Look at Me: Living in a society of attention seekers (click title to read)
"Why is seeking recognition so prominent in the West today?"
and more importantly,
"...what becomes less desirable, as fame and fortune move to the top?"
"Things like civic involvement and spiritual engagement have lost ground. So it seems our society is shifting, with ‘attention-getting' moving way to the top - at whatever the cost."
I found her article to be thought-provoking and embarrassing as I too write a blog and fit her description of those who covet attention.
I spent many hours searching my soul trying to reflect on mine and other's motivations. Could I find some relevance and examples of what she was describing?
Perhaps not surprisingly, I thought about my role as a mother of a child with special needs. I thought about how I am hopeful that this role has taught me the importance of bringing awareness not to myself, but to my children who suffer from incurable disease. I also thought about who and what type of mothers seem to gain the most attention from the media?
It wasn't long before images of this....
And most recently, this, came to mind.
It is interesting to me how both images focus our attention explicitly on these mothers.
I wonder if perhaps Dr. Smalley has a point?
In Dr Smalley's piece, she describes her encounter with a South American shaman who was "practicing the art of invisibility."
Invisibility creates an inner energy that allows you to focus solely on the powers of observation and learning. Less energy is focused on yourself, more energy is focused on learning about others.
Dr Smalley explains....
"(The South American shaman) said that he could accomplish so much more from an invisible position than one of fame. I've wondered about that quote for a long time but think that part of the reason is that there is greater freedom to act when action is not tinged with attention-seeking. There is likely more energy available to effect change if one is not expending it on promoting oneself.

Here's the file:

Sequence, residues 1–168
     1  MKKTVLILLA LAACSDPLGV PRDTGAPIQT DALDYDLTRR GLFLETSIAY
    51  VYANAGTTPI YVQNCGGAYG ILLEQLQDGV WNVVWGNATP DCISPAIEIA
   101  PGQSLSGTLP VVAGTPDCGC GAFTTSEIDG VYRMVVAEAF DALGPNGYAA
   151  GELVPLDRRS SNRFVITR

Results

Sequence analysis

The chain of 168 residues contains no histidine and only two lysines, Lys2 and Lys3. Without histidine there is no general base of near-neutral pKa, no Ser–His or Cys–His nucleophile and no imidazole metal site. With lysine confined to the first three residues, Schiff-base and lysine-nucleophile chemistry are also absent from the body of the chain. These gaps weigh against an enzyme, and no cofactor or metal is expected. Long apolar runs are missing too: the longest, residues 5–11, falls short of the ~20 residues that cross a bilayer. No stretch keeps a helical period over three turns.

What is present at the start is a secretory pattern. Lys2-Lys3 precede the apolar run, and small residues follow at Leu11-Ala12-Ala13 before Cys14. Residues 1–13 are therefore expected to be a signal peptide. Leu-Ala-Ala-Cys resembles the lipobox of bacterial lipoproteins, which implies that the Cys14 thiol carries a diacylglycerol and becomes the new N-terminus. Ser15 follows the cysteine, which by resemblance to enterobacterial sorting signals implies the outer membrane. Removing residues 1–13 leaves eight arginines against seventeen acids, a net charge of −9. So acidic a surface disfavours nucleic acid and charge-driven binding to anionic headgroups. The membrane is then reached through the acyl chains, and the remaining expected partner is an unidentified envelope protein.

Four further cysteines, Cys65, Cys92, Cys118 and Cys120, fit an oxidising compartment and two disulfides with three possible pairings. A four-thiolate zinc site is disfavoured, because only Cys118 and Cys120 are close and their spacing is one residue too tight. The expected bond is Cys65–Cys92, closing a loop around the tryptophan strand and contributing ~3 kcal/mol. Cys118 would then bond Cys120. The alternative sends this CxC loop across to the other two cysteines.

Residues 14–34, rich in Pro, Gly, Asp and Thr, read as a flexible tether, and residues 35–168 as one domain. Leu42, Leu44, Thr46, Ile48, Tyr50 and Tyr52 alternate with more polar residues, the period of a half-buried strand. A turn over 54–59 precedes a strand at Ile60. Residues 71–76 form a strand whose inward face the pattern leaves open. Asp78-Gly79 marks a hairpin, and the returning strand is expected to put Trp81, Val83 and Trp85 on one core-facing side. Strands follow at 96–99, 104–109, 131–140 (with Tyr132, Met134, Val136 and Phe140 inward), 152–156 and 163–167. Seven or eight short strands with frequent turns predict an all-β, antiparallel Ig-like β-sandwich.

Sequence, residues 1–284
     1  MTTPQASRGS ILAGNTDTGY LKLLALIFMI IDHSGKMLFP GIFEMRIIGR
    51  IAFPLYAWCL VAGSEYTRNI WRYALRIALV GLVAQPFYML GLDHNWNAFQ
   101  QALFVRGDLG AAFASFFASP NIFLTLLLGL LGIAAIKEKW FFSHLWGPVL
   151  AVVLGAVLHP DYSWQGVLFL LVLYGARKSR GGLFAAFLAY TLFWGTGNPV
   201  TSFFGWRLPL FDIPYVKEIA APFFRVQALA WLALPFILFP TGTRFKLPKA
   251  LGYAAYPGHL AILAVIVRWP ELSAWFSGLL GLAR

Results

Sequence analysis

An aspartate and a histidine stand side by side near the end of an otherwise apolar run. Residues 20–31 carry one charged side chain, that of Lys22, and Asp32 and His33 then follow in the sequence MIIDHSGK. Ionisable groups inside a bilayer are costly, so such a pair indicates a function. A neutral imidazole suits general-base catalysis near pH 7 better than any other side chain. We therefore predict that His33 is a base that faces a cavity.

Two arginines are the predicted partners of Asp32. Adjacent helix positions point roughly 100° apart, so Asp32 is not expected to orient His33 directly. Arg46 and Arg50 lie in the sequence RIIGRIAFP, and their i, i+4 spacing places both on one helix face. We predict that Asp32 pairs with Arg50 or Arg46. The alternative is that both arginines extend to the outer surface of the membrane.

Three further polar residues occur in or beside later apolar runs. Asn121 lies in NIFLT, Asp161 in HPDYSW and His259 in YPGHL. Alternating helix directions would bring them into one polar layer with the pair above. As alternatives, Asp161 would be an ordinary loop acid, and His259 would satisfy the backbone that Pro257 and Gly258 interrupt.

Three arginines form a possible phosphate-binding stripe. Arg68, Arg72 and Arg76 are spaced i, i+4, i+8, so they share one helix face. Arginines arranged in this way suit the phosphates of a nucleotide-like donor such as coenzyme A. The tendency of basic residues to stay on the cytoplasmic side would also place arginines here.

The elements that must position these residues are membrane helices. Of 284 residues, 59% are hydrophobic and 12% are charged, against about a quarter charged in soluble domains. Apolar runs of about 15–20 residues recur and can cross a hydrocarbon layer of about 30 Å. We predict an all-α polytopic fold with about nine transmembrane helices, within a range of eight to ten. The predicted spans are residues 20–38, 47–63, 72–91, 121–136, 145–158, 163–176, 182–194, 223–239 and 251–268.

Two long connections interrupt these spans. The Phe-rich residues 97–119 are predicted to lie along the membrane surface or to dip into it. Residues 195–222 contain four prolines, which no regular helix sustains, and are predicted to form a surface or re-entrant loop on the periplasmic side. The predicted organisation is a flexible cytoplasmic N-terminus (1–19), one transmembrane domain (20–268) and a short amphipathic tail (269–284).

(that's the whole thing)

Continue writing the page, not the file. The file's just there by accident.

Turning a lens on our inward experiences with an eye toward detection of such striving may help shift it into our own lives and possibly our collective consciousness.
I think we all need to value anonymity a bit more. Perhaps if we do, we may find ourselves a little bit more content, happy and kind."
Susan Smalley is a behavior geneticist and Professor in the Department of Psychiatry and founder of the Mindful Awareness Research Center at the Semel Institute at UCLA. Their mission is to foster mindful awareness across the lifespan through education and research to promote well-being and a more compassionate society.
Mindful awareness is a practice that comes to us from a variety of contemplative traditions throughout history. It invites us to stop, breathe, observe, and connect with one's inner experience.
Her words and research resonate with me.
As parents of children with special needs, we are not Tiger Mothers. We are not Attachment Mothers. We are not Helicopter Mothers.
We are Invisible Mothers.
And yet these heroic acts go unrecognized. They are just part of the daily routine required to save a child's life. They come as natural to us as breathing.
Invisibility is our strength.
Yes, I have joined a legion of men and women selflessly devoted to observing and caring for others. These parents will tell you they have little time to care or worry about themselves. They will tell you they are tired. They will tell you they have reluctantly put their dreams for themselves aside.
They will tell you they feel invisible.
But it is these same special men and women who will tell you that raising their children although heartbreaking and difficult, is the most meaningful and rewarding experience of their lives.
With invisibility, there is observation
With observation there is selflessness
With selflessness there is understanding
With understanding there is meaning
Yes, being invisible has its advantages.
Tell me, are you Mom enough?
Lisa Peters is an invisible mother to two children diagnosed with special needs. She